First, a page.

and latent. In this, the words are seemingly clear
and with a settled meaning, is actually equivocal
and admits of two interpretations. Here, parol

evidence is admissible to clarify the ambiguity


provided that the matter is put in issue by the
pleader.
Example: Dollars, tons and ounces.
Issue - is the point or points in question, at the
conclusion of the pleadings which one side
affirms, and the other side denies.
Judicial Admissions - are those so made in the
pleadings filed or in the progress of a trial.
- It is one made in
connection with a judicial proceeding in which it
is offered, while an extrajudicial admission
is any other admission.
Judicial Notice - no more than that the court will
bring to its aid and consider, without proof of the
facts, its knowledge of those matters of public
concern which are known by all well-informed
persons.
- cognizance of certain facts
which judges may take and act on without proof
because they are already known to them.
Material Evidence - evidence directed to prove a
fact in issue as determined by the rules of
substantive law and pleadings. The test is
whether the fact it intends to prove is an issue or
not. AS to whether a fact is in issue or not is in
turn determined by the substantive law, the
pleadings, the pre-trial order and by the
admissions or confessions on file. Consequently,
evidence may be relevant but may be immaterial
in the case.
Negative Evidence - when the witness did not
see or know of the occurrence of a fact. There is
a total disclaimer of persona knowledge, hence
without any representation or disavowal that the
fact in question could or could not have existed
or happened. It is admissible only if it tends to
contradict positive evidence of the other side or
would tend to exclude the existence of fact sworn
to by the other side.
Object Evidence - is a tangible object that
played some actual role on the matter that gave
rise to the litigation. For instance, a knife.
Objective or Real Evidence - directly addressed

to the senses of the court and consist of tangible


things exhibited or demonstrated in open
court, in an ocular inspection, or at place
designated by the court for its view or
observation of an exhibition, experiment or
demonstration. This is referred to as autoptic
preference.
Omnia praesumuntur rite et solemniter esse
acta
donec
probetur
in
contrarium all things are presumed to have
been done regularly and with due formality until
the contrary is proved.
Opinion - an inference or conclusion drawn from
facts observed.
Ordinary Opinion Evidence - that which is
given by a witness who is of ordinary capacity
and who has by opportunity acquired a particular
knowledge which is outside the limits of common
observation and which may be of value in
elucidating a matter under consideration.
Parol Evidence - any evidence aliunde, whether
oral or written, which is intended or tends to vary
or contradict a complete and enforceable
agreement embodied in a document.
Patent or Extrinsic Ambiguity - is such
ambiguity which is apparent on the face of the
writing itself and requires something to be added
in order to ascertain the meaning of the words
used. In this case, parol evidence is not
admissible, otherwise the court would be creating
a contract between the parties.

Pedigree includes
relationship,
family
genealogy, birth, marriage, death, the dates
when, and the placer where these facts occurred
and the names of their relatives. It embraces also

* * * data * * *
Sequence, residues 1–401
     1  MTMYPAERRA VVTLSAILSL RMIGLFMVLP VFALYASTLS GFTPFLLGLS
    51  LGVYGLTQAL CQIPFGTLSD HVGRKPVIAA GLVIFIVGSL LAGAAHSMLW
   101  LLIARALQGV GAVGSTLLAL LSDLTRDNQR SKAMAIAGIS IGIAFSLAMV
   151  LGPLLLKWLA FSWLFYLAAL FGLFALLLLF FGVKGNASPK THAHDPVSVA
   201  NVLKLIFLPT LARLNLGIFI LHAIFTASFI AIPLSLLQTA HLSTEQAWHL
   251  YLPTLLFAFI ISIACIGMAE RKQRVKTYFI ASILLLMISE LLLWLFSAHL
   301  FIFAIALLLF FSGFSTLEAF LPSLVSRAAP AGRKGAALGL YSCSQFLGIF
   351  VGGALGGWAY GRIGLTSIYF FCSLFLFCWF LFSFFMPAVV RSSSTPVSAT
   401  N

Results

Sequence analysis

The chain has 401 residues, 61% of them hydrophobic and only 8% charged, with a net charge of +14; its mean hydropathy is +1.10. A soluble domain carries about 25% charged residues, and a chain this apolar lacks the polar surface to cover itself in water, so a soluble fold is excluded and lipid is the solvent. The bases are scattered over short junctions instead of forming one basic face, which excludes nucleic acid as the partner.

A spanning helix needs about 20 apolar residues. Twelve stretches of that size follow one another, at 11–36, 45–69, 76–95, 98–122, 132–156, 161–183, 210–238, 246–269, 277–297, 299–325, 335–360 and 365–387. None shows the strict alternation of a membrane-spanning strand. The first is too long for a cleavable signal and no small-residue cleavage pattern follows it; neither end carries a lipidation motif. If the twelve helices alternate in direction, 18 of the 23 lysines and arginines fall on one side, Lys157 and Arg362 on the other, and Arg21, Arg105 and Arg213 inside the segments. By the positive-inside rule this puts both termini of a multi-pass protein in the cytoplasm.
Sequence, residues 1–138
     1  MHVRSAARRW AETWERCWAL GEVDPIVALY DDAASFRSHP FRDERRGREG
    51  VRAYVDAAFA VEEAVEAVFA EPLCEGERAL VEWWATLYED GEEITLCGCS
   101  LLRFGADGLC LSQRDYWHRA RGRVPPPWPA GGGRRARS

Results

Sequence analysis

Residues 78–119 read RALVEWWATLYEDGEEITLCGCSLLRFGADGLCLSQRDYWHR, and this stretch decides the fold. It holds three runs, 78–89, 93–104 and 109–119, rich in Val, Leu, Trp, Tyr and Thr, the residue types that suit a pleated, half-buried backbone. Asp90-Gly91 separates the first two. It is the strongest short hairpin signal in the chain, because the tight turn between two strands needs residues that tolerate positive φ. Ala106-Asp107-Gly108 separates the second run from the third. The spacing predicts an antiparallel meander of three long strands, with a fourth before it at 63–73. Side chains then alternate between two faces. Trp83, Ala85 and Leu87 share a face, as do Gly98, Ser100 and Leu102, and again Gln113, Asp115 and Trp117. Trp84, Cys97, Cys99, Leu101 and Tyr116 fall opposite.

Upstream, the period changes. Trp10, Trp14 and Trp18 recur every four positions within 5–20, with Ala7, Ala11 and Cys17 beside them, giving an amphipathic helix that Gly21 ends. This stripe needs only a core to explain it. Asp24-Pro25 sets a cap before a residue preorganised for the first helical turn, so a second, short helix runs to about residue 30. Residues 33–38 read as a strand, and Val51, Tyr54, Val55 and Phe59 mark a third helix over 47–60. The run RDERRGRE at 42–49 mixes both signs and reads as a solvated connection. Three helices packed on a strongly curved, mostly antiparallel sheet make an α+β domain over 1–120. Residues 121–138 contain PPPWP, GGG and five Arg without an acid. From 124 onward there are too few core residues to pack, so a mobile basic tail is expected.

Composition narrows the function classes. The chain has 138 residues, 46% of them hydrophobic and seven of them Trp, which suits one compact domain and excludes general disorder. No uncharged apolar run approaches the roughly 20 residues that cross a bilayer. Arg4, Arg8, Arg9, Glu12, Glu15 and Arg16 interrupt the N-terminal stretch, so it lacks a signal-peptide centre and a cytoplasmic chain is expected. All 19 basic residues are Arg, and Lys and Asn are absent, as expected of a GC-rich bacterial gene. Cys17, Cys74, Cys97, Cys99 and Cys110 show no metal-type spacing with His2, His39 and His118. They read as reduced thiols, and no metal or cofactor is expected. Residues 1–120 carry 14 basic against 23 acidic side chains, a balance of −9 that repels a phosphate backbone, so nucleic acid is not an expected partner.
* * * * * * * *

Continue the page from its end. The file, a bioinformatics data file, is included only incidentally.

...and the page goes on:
facts of family history intimately connected with
pedigree.
Positive Evidence - when the witness affirms
that a fact did or did not occur. Entitled to a
greater weight since the witness represents of his

personal knowledge the presence or absence of


a fact.
Presumption - An inference as to the existence
or non-existence of a fact which courts are
permitted to draw from the proof of other facts.
Presumption Juris or Of Law is a
deduction which the law expressly directs
to be made from particular facts.
Presumption Hominis Or Of Fact is a
deduction which reason draws from facts
proved without an express direction from
the law to that effect.
Prima Facie Evidence - that which is standing
alone, unexplained or uncontradicted, is sufficient
to maintain the proposition affirmed.
Primary Evidence - that which the law regards
as affording the greatest certainty of the fact in
question. Also referred to as the best evidence.
Privies - those who have mutual or successive
relationship to the same right of property or
subject
matter,
such
as
personal
representatives, heirs, devisees, legatees,
assigns, voluntary grantee or judgment creditors
or purchasers from them without notices to the
fact.
Privity - mutual succession of relationship to the
same rights of property.
Proof - the result or effect of evidence. When the
requisite quantum of evidence of a particular fact
has been duly admitted and given weight,
the result is called the proof of such fact.
Relevant Evidence - evidence having any value
in reason as tending to prove any matter
provable in an action. The test is the logical
relation of the evidentiary fact to the fact in issue,
whether the former tends to establish the
probability or improbability of the latter.
Res Gestae - literally means things done; it
includes circumstances, facts, and declarations
incidental to the main facts or transaction
necessary to illustrate its character and also

includes acts, words, or declarations which are


closely connected therewith as to constitute
part of the transaction.
Rule Of Exclusion - that which is secondary
evidence cannot inceptively be introduced as the
original writing itself must be produced in court,
except in the four instances mentioned in Section
3.
Secondary Evidence - that which is inferior to
the primary evidence and is permitted by law only
when the best evidence is not available.
Known as the substitutionary evidence.
- shows that better or
primary evidence exists as to the proof of fact in
question. It is deemed less reliable.
Self Serving Declaration - is one which has
been made extrajudicially by the party to favor
his interests. It is not admissible in evidence.
Testimonial Evidence - is that which is
submitted to the court through the testimony or
deposition of a witness.

Unsound Mind - any mental aberration, whether


organic or functional, or induced by drugs or
hypnosis.
Witness - reference to a person who testifies in a
case or gives evidence before a judicial tribunal.